With Intel’s new generation of processors and chipsets coming the red team is anything but standing still. During a press conference in London AMD is divulging its solutions for notebooks, and NordicHardware is there to get to know the newcomers Temash, Kabini and Richland.

The market has changed and it is time to move on. This was the big message when Sasa Marinkovic, marketing executive for technology at AMD, takes the stand to present the news of AMD’s new generation of mobile APUs. The mobile and ultraportable is taking a bigger slice of the market, something AMD is not going to ignore.


AMD starts by marking the audience it intends to target with the new APUs. The focus is not on high-end gaming laptops, and it is not bare surf and media tablets where ARM is dominating today. Even though such units will be made with these chips, the focus is elsewhere.

Instead AMD is aiming somewhere in between, I.e.  more and less powerful ultraportable computers respectively, more powerful Windows 8 tablets and hybrids, called Convergence Form-factors. The new APU circuits will ship in three platforms for different product categories and price ranges.

Temash, soon in a hybrid near you

First up is Temash, that will come in the A4 and A6 series depending on the price range. Here the focus is on low energy consumption and ultraportability. AMD points out that this is world’s first true X86-based SoC, or system processor, for retail. This is true since the storage controllers have been moved on-die under the same heatspreader. So far three processors have been shown, one branded A6 and two A4, intended to compete with Intel’s Pentium and Celeron processors.


  A6-1450 A4-1250 A4-1200
Cores 4 2 2
CPU frequency 1.0 GHz (1.4 GHz Turbo) 1.0 GHz 1.0 GHz
Cache 2 MB L2 1 MB L2 1 MB L2
Memory DDR3-1066 DDR3-1333 DDR3-1066
GPU HD 8250 HD 8210 HD 8180
Radeon cores 128 128 128
GPU frequency 300 MHz (400 MHz Turbo) 300 MHz 225 MHz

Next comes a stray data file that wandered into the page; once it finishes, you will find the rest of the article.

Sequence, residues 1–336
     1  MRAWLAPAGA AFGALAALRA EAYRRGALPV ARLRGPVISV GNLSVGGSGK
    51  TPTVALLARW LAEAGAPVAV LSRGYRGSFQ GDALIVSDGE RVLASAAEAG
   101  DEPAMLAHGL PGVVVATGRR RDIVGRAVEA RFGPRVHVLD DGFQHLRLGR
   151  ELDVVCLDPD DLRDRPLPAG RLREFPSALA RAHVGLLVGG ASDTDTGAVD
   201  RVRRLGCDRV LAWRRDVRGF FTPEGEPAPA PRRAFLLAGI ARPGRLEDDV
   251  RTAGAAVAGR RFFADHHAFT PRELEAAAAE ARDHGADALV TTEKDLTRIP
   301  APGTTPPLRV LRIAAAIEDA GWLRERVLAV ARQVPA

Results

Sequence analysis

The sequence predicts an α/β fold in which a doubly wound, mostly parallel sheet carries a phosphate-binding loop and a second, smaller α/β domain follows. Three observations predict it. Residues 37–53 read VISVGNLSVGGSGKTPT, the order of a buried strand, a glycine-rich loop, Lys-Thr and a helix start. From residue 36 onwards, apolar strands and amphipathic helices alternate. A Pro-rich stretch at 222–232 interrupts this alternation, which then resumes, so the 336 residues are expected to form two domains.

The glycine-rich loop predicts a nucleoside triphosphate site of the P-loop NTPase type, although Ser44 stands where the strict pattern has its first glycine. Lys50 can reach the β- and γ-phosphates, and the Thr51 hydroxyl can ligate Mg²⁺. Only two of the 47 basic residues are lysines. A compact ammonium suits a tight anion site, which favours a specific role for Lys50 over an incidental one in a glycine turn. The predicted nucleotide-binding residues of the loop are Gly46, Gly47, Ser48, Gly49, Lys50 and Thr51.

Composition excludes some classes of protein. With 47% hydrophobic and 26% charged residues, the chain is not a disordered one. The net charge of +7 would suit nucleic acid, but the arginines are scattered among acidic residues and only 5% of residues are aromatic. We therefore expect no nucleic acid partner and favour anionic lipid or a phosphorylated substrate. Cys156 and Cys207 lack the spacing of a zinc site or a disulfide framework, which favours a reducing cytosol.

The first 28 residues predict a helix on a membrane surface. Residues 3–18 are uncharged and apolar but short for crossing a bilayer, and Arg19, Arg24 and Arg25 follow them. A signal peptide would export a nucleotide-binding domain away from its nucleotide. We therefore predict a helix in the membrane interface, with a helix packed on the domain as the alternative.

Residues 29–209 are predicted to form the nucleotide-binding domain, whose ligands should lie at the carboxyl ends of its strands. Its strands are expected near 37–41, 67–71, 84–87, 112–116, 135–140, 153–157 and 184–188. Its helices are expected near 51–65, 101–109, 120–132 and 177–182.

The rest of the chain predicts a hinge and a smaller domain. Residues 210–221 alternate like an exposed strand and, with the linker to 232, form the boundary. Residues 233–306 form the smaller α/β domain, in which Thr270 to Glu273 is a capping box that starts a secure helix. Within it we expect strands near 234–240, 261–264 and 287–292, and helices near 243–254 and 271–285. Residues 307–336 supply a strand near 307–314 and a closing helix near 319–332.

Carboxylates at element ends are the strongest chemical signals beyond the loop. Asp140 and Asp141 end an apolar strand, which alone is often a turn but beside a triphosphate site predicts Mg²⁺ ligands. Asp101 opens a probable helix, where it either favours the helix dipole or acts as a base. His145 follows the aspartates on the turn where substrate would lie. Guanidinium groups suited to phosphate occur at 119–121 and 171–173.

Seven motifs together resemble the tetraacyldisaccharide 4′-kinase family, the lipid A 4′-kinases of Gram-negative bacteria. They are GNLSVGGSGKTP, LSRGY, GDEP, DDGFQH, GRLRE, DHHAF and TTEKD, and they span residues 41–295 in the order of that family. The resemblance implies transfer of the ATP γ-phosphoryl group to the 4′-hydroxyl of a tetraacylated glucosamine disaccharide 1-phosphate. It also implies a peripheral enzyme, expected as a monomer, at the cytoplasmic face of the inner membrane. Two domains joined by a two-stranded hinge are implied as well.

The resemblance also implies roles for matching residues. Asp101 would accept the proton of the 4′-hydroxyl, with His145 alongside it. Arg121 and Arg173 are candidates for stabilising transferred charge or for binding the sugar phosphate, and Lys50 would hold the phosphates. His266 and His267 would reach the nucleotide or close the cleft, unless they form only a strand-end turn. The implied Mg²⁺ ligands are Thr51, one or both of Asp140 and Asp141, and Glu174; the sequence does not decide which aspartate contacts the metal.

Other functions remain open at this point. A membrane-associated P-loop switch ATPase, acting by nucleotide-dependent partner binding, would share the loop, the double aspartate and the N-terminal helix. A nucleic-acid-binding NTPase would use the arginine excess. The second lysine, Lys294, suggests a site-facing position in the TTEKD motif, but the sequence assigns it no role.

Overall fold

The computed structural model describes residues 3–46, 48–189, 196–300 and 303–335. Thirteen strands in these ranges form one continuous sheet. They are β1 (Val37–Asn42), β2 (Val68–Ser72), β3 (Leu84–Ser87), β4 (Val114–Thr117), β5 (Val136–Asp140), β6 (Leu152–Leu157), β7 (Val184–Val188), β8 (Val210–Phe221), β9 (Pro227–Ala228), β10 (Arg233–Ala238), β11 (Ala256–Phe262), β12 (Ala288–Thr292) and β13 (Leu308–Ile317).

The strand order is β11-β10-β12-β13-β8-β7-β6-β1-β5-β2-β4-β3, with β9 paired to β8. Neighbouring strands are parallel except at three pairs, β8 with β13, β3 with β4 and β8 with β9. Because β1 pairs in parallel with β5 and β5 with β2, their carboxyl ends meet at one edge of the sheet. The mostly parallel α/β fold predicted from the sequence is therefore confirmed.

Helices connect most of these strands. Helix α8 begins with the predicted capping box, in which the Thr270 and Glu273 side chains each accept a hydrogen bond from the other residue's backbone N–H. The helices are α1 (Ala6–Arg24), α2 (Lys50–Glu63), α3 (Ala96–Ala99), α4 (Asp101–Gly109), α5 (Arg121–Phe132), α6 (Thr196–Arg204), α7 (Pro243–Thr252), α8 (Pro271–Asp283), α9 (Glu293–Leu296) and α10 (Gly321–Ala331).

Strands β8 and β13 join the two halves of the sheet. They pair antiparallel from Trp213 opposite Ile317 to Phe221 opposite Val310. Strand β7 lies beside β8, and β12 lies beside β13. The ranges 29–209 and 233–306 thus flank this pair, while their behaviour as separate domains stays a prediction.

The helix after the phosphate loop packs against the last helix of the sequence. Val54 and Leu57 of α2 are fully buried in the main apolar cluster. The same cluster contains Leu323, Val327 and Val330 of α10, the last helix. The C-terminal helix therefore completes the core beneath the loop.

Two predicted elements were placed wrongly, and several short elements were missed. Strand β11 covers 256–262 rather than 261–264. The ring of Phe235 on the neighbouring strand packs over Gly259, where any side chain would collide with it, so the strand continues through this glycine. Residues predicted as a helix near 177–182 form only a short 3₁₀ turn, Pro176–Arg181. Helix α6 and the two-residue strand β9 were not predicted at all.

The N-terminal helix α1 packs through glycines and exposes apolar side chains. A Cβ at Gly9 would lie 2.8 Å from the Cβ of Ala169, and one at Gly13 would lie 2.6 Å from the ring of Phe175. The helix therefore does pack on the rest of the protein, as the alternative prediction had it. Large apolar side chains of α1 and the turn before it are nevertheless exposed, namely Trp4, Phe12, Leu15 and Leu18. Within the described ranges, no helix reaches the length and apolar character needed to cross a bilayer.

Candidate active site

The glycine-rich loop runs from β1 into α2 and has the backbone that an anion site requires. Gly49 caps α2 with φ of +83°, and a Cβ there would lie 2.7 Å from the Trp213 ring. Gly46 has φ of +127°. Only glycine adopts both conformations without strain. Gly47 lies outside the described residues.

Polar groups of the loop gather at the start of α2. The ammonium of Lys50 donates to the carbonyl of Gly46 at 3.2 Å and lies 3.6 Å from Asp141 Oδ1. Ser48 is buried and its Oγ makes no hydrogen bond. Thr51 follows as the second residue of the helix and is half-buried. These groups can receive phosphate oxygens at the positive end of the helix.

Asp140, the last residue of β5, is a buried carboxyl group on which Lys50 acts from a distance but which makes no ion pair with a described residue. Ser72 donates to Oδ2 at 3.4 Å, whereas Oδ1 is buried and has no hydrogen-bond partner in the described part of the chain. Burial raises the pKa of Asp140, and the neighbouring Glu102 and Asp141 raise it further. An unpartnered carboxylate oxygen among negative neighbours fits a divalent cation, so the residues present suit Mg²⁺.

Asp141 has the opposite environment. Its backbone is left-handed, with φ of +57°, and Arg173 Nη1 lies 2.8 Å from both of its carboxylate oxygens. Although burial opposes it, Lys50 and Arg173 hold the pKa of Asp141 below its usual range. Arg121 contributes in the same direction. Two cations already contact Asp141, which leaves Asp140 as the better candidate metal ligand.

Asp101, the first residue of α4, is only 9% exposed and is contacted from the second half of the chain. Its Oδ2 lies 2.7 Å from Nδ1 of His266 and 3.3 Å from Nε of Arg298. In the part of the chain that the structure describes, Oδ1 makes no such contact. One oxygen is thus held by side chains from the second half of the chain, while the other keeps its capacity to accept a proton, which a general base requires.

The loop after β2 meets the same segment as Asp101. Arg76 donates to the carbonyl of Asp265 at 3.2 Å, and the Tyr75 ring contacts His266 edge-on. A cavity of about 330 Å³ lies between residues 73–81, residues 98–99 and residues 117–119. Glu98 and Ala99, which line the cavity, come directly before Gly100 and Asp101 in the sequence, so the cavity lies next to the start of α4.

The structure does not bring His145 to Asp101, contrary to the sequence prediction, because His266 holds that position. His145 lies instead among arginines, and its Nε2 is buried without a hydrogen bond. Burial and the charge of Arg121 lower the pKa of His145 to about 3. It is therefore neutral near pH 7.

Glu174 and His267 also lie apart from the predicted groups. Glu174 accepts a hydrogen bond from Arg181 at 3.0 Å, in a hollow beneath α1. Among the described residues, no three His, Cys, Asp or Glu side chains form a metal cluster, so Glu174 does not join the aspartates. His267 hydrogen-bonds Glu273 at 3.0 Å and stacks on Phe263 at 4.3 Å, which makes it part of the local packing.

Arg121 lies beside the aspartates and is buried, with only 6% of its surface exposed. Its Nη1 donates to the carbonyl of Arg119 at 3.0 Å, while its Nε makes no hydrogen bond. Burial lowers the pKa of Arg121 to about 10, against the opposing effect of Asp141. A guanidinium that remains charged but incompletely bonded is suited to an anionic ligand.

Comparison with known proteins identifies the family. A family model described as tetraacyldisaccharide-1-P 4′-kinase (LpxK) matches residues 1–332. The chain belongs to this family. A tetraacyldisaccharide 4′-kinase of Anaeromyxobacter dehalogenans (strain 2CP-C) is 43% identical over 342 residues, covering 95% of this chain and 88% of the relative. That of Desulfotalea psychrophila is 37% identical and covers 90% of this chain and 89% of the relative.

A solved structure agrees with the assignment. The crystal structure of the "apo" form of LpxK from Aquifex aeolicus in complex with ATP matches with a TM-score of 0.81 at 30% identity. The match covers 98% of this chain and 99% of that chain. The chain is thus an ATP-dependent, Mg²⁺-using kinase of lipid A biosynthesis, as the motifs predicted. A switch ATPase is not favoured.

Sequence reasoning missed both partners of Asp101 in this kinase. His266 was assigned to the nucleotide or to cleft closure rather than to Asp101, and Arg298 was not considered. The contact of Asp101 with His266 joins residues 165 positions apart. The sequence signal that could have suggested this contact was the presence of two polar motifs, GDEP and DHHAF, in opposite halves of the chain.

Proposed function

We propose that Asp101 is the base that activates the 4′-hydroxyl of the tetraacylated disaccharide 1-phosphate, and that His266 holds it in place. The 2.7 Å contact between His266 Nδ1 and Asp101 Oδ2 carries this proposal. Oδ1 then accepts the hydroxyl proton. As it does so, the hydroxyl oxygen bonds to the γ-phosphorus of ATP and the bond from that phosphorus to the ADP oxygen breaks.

TDP 8 W 9 W 3.9 W

The focus on tablets and small, energy efficient ultraportable laptops and, mainly in the case of A6-1450, hybrids is made even clearer from the specifications. The two A4 processors have two Jaguar cores operating at 1 GHz, which according to AMD will bring up to 20 percent better performance than last generation Bobcat cores. A4-1200 offers only 1 MB L2 cache, graphics in the form of HD 8180 that run at 225 MHz and support DDR3 memory up to 1,066 MHz – with a TDP of mere 3.9 Watt.

A4-1250 is very similar to A4-1200, but with HD 8210 graphics that runs at 300 MHz and DDR3 memory support up to 1,333 MHz. This brings higher energy consumption at 9 Watt. Interestingly A4-1250 has the highest TDP of the bunch, one Watt more than the quad-core A6-1450, which also sports the fastest graphics of the group with HD 8250 at 400 MHz.

The Turbo frequencies that were presented play on the AMD technology called Turbo Dock. Here the focus is more on hybrids, in the form of Windows 8 tablets with docks. The idea is that the docking station will partly prolong the battery life, but also turn up the frequencies on the CPU and GPU for a performance boost up to 40 percent says AMD.

Temash_system_1 Temash_system_2

There was very little space and oxygen in the room, but we finally got to see two Temash systems. Left: Acer Angel with A6-1450. Right: Quanta BZ1T with A4-1200.

Kabini, one-chip-solution for the mid-range

Next up we have Kabini, and the focus here is shifting from hybrids and tablets to small and ultraportable computers with touchscreens and notebooks in the entry and mid-range segments. Also here we are dealing with a complete system processor with integrated storage controller, and here the branding is A6 for the quad-core models and E1/E2 for the dual-core models.


  A6-5200 A4-5000 E2-3000 E1-2500 E1-2100
Cores 4 4 2 2 2
CPU frequency 2.0 GHz 1.5 GHz 1.65 GHz 1.4 GHz 1.0 GHz
Cache 2 MB L2 2 MB L2 1 MB L2 1 MB L2 1 MB L2
Memory DDR3-1600 DDR4-1600 DDR3-1600 DDR-1333 DDR3-1333
GPU HD 8400 HD 8330 HD 8280 HD 8240 HD 8210
Radeon cores 128 128 128 128 128
GPU frequency 600 MHz 500 MHz 450 MHz 400 MHz 300 MHz
TDP 25 W 15 W 15 W 15 W 9 W

In the top of the Kabini family we find A6-5200 with four Jaguar cores at 2.0 GHz, with 1600 MHz DDR3 memory, 2 MB L2 cache and HD 8400 graphics at 600 MHz. Right below it comes A4-5000 with slightly lower clock frequencies and 8330 graphics, 15 Watt TDP instead of 25 watt (A6-5200).